Now, when I am doing something similar in my own PHP apps, I have to manually instantiate the template object, manually pass references to any variables I know the view will be interested in and then manually tell it what template file to use. While all that manual code is pretty simple and easy to write, on even medium-sized apps it starts to take a toll on the leaness of the codebase.

I think he’s referring to something similar to smarty. Looks like this “convention over config” slogan is one aspect of the evolution from smarty -> ruby-on-rails

Other ror innovations over php?

php AR q&&a

query cache ] pdo?
session expiry?
persistent db connection?
db cache?
connect to a db cluster?
cluster between 2 php servers? with session failover?
php web server, static web server, proxy
multi-threading issues?

Q: Remember the NBC invisible dual-host cluster with different date? How do you duplicate the sessions? Or you don’t because each session is needed only in one host due to session-based load routing?

types of php var scope#q

“private” keyword? probably not a scope modifier but an access modifier? Scope refers to visibility.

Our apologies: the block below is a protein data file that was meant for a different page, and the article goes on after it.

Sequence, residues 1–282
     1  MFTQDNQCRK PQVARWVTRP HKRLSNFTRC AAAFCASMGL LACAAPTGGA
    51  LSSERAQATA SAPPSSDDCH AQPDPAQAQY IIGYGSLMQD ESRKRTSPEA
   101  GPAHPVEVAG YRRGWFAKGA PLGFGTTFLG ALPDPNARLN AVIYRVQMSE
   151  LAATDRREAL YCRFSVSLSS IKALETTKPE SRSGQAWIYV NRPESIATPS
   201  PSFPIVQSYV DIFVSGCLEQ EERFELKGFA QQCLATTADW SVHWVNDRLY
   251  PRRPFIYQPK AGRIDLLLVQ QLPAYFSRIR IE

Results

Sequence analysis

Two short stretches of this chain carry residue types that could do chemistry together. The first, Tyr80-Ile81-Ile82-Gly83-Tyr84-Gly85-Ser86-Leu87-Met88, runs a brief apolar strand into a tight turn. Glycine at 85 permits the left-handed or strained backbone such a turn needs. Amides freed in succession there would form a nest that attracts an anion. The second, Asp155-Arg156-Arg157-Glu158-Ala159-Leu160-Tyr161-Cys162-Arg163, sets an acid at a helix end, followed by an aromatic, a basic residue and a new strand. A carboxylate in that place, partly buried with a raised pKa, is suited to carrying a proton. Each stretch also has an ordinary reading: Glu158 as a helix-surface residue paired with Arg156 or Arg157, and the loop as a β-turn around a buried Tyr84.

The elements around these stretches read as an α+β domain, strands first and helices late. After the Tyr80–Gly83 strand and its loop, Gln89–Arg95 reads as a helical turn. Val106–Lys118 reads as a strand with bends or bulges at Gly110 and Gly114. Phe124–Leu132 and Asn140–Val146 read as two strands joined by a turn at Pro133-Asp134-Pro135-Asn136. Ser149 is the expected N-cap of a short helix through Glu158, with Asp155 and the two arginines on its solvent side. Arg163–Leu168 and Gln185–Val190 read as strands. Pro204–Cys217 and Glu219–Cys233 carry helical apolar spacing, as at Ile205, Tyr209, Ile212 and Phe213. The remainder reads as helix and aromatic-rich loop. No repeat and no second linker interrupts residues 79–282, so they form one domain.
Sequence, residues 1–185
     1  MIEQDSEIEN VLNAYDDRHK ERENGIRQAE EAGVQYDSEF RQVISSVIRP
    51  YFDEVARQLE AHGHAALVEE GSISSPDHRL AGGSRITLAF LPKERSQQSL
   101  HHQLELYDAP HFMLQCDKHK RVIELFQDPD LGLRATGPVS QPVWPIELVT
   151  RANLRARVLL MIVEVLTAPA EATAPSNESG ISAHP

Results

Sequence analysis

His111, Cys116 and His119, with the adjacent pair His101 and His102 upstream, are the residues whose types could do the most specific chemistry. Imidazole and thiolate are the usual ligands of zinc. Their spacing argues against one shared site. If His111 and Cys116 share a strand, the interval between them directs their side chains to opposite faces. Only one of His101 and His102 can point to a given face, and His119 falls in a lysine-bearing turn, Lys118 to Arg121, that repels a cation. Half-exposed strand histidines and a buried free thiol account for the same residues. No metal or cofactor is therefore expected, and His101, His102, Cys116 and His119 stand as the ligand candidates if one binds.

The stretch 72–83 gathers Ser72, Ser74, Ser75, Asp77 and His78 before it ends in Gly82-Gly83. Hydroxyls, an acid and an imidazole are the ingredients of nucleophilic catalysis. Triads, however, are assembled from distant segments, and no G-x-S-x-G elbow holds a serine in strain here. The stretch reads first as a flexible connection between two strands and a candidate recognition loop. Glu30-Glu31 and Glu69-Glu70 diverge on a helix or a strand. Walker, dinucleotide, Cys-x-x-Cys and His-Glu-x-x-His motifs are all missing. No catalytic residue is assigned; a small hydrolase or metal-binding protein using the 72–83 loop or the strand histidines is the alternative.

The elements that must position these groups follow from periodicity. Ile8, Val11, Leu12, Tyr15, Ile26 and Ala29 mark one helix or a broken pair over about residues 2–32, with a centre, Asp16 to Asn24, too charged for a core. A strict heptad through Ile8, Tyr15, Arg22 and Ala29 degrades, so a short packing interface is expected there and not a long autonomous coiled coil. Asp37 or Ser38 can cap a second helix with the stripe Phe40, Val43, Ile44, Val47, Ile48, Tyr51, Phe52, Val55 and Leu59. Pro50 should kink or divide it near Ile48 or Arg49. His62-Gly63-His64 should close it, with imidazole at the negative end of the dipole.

“static” keyword within functions? visibility unaffected

( Maybe it’s easiest to list all of them as a whole. )

“global” keyword?


default scope of var in function?

default scope of var outside function?


PHP imitating java@@

hard to remember a long list. i think it’s good to “study” or focus on 2 items each week

–promotion items
garbage collector

–the rest
serialize and unserialize(!)
output buffer
copying a var by ref ^ by value (clone)
return by ref
pass by ref
new (without parenthesis)? yes
finalize()? yes. known as __destruct()
constructor? yes but no automatic chain
static (i.e. class-level) attributes and method? yes
final method? yes
private/public/protected attributes AND methods? yes
getter/setter? yes.
extends? yes
interface? yes
abstract method? yes
abstract class? yes
method/attribute overriding? yes
implements iface1, iface 2? yes
object serialization? yes

php packages4people build`a simple site

Mambo, moodle, phpnuke, drupal are some of the well-known php “content management” packages. I once used mambo and moodle. Exellent quality and usability.

These open-source packages can help a lay person put together a website quickly. Compared to a from-scratch approach, a package offers, among other things,
* nicer web pages
* perhaps faster development, if the package supports your requirement
* fewer bugs, better tested

There are drawbacks.

* Your custom database logic may be harder to implement.

* I feel you would have a hard time understanding the source code — dozens of source files, containing thousands and thousands of lines — before you can “hack” the code.
* you may realize you only need 1% of the source code to implement your requirement. It would have been far more manageable if you could throw away the other 99%. Not easy.

If you have time to search, see if you can find some bare-bones php “content management” mini-packages. If you find one, let me know.